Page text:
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The Phone Situation 2023-03-14


So Noelle Mitchell is starting a personal blog and happens to be someone I am following via my Mastodon account. She's been learning about making a web site with just CSS and HTML (and specifically without Wordpress)... and I think that is great. She also recently made a post about her phone and I started to reply about my own recent experience with a Pixel phone and GrapheneOS. Then I realized I should be doing this as a snork.ca post instead of a Mastodon reply. So here it is.

I typically run "older" hardware, whether that be desktops, laptops, or phones. Until recently my phone has been a Samsung J2 Pro which I assume by many people's standards today, is garbage. Much of my beef with phones is that they are a security and privacy nightmare. Recently I found myself complaining of this nightmare (as I am known to do) and got some replies from @specter (which now seem to not exist) suggesting that I check out GrapheneOS. Thanks (very much) to that suggestion I ended up getting a Pixel 4a(5G) phone for CAD$200 and slapped GrapheneOS on it. I have been quite impressed with how it has worked out.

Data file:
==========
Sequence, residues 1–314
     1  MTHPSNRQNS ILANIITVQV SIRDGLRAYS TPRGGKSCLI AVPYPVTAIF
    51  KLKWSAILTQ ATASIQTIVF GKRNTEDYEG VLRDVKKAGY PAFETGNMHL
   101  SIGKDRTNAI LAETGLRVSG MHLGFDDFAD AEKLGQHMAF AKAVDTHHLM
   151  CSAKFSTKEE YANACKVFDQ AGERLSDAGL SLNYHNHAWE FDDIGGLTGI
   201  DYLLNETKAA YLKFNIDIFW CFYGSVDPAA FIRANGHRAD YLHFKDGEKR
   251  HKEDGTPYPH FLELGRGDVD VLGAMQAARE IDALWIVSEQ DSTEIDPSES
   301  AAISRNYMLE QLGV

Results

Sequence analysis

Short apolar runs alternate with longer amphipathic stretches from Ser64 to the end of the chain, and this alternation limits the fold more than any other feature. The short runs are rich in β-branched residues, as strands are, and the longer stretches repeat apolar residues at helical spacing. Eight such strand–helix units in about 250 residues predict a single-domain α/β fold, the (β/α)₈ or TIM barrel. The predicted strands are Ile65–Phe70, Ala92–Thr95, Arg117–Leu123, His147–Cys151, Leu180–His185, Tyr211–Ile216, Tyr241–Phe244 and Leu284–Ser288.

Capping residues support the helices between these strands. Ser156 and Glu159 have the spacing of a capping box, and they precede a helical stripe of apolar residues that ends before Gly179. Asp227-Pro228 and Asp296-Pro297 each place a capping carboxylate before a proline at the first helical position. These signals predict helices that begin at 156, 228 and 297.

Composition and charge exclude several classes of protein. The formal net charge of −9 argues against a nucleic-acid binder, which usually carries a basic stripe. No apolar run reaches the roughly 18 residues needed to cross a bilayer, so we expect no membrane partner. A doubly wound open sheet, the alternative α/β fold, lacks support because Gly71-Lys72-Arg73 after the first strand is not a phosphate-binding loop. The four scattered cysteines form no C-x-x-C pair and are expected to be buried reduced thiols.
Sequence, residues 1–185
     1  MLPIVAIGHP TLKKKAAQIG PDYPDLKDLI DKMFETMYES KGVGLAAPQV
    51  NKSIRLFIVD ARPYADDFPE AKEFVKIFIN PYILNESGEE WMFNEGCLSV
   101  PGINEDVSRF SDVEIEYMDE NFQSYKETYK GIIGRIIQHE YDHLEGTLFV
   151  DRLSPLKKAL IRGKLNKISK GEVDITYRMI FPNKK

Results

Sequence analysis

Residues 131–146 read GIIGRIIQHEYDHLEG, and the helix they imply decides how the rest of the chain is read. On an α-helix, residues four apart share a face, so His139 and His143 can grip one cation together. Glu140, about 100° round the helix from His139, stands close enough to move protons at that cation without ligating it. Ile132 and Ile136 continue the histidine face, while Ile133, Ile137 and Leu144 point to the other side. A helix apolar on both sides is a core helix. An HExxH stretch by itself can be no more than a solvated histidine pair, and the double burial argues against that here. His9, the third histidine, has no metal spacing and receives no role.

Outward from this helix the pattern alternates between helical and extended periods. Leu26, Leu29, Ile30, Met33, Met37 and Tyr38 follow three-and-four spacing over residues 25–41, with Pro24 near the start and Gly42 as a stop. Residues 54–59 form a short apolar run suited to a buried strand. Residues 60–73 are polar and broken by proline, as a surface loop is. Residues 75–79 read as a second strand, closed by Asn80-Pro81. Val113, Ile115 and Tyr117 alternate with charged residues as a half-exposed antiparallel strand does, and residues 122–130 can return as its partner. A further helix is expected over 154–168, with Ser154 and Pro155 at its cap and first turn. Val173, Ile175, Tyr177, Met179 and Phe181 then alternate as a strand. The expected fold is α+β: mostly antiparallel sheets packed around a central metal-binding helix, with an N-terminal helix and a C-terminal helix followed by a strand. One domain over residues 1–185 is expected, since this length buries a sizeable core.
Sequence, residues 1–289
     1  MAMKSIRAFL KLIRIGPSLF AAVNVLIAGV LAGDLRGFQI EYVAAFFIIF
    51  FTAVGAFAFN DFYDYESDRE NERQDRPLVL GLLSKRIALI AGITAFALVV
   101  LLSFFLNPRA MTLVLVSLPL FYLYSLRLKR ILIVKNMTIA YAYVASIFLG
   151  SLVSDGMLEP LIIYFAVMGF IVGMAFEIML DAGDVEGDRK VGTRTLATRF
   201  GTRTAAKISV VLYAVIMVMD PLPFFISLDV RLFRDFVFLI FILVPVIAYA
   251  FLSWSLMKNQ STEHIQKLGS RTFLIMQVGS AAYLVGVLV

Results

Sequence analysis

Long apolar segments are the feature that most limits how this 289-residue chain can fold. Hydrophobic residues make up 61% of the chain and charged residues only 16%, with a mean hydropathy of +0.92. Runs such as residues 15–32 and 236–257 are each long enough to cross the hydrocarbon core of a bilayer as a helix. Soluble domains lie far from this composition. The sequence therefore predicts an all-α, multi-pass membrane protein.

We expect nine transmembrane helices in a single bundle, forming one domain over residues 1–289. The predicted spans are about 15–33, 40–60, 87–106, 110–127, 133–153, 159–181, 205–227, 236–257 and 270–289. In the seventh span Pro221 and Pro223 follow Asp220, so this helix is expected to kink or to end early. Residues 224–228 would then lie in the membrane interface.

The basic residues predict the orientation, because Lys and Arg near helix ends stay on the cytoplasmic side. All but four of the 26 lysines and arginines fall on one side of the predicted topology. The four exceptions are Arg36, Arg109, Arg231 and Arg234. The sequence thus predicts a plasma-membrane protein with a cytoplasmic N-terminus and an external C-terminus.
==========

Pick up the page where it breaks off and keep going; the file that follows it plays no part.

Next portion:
Having said that, GrapheneOS is not very hard to install, but it is also perhaps not terribly appropriate for the average user. It is essentially a very minimal Android setup with some nice security features added to it. It has what is basically a Play Store shim that functions and you can add the typical Google Apps such as GMail and Google Maps, but it is better (in my not-so-humble opinion) without them. The icons are boring black and white, and the launcher is pretty basic. I added Droid-ify which has access to a bunch of application repositories (including F-Droid) and Nova Launcher as my launcher, and it runs pretty sweet.

The downside of GrapheneOS is that it runs on a pretty limited selection of phones, all of which are Pixels. It also obviously requires that you build up your Android system (sort of) from scratch, which means doing a little homework. It means being careful (or at least aware) of what you are installing. It means paying attention to security instead of just clicking OK without bothering to read what you are agreeing to.

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Anyways, I think many people buy a phone because it is the "next shiny thing" they can brag about owning, then do not care what OS it runs, and finally just use "whatever application workarounds" they figure are necessary to make shit work. I like to think that it I better to work your way back. Figure out what applications you need, figure out which OS best suits those applications, then find a phone that can run that OS. Will GrapheneOS be a good fit for Noelle? Maybe, maybe not. I think it is worth a look though... and it comes with the added bonus of having a somewhat deeper knowledge of what your phone is doing under the hood.

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